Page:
Anticipating Fall MRS 2019

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In the US, Thanksgiving is around the corner – this week in fact.  That means one thing:  Fall MRS is almost here in its classic location, Hynes convention center in Boston.  This year it will take place December 1-6, 2019.  Every year it is always a lot of fun trying to plan out your meeting schedule.  Every year it’s the same problem:  too many competing talks.

As I try and figure out what talks to attend this year, a couple of highlights jump out at me.   After pioneering a machine-learning symposium last year – where the overflow area was standing room only – MRS this year features two full-length machine learning related symposia:  “Closing the Loop – Using ML in High Throughput Discovery of New Materials” and “Automated and Data-drive approaches to Materials development – Bridging the Gap between Theory and Industry”, in addition to a full length Sunday tutorial on “Applied Machine Learning for Materials Research and Development”. The symposia feature a wide cross-section of researchers from academia, national labs (a lot of national labs participation!), and industry. The tutorial is anchored by Citrine Informatics, a leading company in development of AI platforms to accelerate materials development.   This kind of showing indicates that ML/AI has become a very real part of the research landscape in materials R&D.

Interestingly, ML/AI has been grouped into the broad area “Materials Theory, Computation, and Characterization”.  I can’t help but feel that by doing this, it has come at the expense of classical characterization symposia that used to be a hallmark of MRS. I have complained of this trend in the past and it just seems to continue – there are fewer dedicated symposia to characterization techniques in MRS.   In fact, there are no dedicated SPM symposia at the meeting for the second year in a row, which is very disappointing.   I sincerely hope the past 2 years are outliers and the AFM symposium will return to the 2020 meeting.   When I looked back at my 2017 MRS blog there was a line in there “this MRS meeting has become the premier AFM symposium in North America.”  Times have changed.  That’s not to say there will be plenty of AFM talks and even a small AFM session, but it’s not the same as the week-long symposia we are all used to.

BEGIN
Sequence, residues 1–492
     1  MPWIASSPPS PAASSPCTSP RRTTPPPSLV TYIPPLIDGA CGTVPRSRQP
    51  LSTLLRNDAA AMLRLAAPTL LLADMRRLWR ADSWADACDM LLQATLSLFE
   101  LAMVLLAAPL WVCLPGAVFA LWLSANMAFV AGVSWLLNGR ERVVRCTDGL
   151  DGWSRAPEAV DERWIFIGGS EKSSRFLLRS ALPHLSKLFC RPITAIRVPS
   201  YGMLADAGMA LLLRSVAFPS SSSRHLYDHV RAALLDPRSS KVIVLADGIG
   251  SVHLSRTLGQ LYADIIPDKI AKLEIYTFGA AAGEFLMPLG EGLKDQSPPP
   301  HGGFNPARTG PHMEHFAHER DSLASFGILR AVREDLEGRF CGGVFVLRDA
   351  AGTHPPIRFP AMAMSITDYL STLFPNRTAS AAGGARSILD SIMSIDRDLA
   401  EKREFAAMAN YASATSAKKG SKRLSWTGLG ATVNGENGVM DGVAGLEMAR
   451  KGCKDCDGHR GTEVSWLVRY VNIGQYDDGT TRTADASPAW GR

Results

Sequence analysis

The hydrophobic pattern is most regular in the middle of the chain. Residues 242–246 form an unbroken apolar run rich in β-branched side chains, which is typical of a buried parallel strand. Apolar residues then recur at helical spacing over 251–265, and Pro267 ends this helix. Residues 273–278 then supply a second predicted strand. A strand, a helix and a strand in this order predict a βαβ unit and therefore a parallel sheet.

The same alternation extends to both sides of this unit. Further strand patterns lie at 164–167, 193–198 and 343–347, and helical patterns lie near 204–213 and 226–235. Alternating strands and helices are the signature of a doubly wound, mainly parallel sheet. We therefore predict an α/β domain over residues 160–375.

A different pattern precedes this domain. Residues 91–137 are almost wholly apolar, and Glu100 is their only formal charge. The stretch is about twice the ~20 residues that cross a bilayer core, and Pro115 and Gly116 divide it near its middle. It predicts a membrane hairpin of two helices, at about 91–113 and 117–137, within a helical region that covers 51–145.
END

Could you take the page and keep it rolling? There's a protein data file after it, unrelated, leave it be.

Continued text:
There are also no dedicated electron microscopy symposia at the meeting this year, though there is a symposium on “In situ characterization of dynamic phenomena during Materials Synthesis”, which features a number of techniques (mainly X-ray based techniques, but some electron microscopy also). 

One aspect of MRS that will help me get over the lack of AFM symposia blues is the Symposium X – Frontiers of Materials Research. These are lunchtime talks targeting a broad audience in a huge ballroom where free pizza is served.  This series never disappoints and this year features some amazing speakers including Evelyn Wang about nanoengineerined materials for water and energy applications and Alessandra Lanzara about 2D heterostructures. 

And of course there will still be the exhibit, which does remain a very strong resource for the characterization community with plenty of SPM and EM related vendors to showcase hardware, accessories, and software.   See you in Boston!

Dalia Yablon, PhD

 

 

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